A federal judge ruled Monday that an Ohio bank can proceed with foreclosing on developer Tommy Spinosa’s $170 million Perkins Rowe development.
In a summary judgment ruling, U.S. District Judge James J. Brady said KeyBank National Association of Cleveland has the right to foreclose on the mixed-use development and to enforce payment of a personal guarantee by Spinosa on the project.
“The court finds that there are no issues of material fact,” Brady wrote. “Neither party disputes the principal amount owed ($161,432,275), the late fees or the amount of interest at the default rate.”
Mark Beebe, an attorney for Spinosa, said the decision was expected in light of Brady’s previous decision to “dismiss our defenses and counter-claims.”
Beebe said the developer, Perkins Rowe Associates, LLC, disagreed with the decision and has appealed to the 5th Circuit Court of Appeal in New Orleans. He said Monday’s decision will be appealed as well.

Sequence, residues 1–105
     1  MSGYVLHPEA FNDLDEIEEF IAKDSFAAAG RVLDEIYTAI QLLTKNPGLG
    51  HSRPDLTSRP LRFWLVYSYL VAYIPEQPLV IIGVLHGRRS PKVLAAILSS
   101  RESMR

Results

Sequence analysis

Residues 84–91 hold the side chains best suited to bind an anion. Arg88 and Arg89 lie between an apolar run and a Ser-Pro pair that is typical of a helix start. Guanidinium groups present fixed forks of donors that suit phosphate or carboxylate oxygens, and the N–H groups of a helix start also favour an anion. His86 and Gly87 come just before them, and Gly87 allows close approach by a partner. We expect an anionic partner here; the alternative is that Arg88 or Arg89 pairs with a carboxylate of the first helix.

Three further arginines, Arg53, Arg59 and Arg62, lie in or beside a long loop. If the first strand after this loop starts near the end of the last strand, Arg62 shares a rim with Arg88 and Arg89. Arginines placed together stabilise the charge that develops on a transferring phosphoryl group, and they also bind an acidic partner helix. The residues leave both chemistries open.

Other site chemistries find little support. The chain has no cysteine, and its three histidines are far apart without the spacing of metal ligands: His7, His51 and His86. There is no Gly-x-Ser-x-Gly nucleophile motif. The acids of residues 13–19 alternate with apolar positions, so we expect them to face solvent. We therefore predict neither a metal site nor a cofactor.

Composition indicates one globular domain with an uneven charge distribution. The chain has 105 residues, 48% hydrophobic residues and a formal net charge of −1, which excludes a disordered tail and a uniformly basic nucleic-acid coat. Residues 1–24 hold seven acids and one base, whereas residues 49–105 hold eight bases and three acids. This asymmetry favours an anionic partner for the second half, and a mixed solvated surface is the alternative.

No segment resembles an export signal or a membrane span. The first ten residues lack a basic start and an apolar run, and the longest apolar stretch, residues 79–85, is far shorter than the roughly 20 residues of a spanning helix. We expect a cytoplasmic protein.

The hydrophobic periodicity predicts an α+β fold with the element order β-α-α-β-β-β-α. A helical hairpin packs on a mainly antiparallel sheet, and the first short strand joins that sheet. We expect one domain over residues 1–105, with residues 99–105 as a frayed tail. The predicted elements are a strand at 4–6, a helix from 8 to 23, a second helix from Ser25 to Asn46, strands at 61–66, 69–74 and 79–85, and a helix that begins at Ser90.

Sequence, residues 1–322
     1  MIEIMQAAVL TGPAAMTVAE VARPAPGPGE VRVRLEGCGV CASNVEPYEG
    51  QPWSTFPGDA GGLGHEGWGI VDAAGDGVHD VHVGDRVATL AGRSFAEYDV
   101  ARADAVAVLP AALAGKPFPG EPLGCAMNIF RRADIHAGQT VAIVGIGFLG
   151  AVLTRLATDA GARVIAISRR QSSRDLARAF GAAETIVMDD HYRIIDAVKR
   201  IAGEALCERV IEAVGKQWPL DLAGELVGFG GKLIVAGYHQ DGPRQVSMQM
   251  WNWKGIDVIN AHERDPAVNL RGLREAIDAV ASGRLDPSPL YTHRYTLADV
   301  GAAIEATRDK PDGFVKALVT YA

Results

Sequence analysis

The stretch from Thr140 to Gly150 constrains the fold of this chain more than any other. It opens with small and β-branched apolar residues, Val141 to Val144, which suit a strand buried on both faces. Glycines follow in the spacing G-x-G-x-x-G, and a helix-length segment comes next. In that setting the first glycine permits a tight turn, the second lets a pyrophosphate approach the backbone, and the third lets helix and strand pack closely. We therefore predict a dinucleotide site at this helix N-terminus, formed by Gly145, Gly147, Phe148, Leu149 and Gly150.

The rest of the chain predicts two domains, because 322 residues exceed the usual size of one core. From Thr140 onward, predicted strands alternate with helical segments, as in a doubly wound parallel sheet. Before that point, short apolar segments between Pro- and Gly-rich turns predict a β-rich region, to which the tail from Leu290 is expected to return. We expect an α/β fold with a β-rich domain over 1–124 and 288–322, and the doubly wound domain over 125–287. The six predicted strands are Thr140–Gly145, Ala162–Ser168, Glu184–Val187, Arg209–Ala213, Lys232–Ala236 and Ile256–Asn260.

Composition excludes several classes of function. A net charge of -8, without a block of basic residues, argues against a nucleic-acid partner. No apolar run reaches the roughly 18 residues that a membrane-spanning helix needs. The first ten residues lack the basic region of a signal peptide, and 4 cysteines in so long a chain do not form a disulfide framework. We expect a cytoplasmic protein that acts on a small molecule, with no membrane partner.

In his opinion on Monday, Brady wrote that the developer “engaged in a pattern of refusing to cooperate with discovery and in the process, lost a number of discovery motions and were sanctioned multiple times for discovery misconduct.”
The judge also noted that on June 7, he granted KeyBank’s motion “for contempt for refusing to comply with an order compelling discovery.”
Beebe said the developers “disagree 100 percent with that part of the order.”
The documents at issue, Beebe said, were privileged attorney-client communications that KeyBank was not legally entitled to see.
Beebe said that is among the items already on appeal with the 5th Circuit Court.
Asked about the significance of Monday’s ruling, Beebe said, “This is obviously the first step towards foreclosure. They’ve secured a judgment that allows them to begin the foreclosure process.”
He said he is “cautiously optimistic” the developer will get a favorable ruling from the appellate court that would stop the foreclosure process from moving forward.
“We’re going to have to wait for the 5th Circuit to review the earlier decision and this decision before we get the appropriate results,” Beebe said.
If the developer fails to win on appeal, Beebe said, Perkins Rowe would be auctioned off at a judicial or marshal’s sale to satisfy the debt.
“Essentially there would be a new owner, but that’s probably a little ways off,” Beebe said.
Perkins Rowe is at the intersection of Bluebonnet Boulevard and Perkins Road. It includes dozens of condos, approximately 200 apartments, more than 60 shops and restaurants, a movie complex, grocery store and two parks.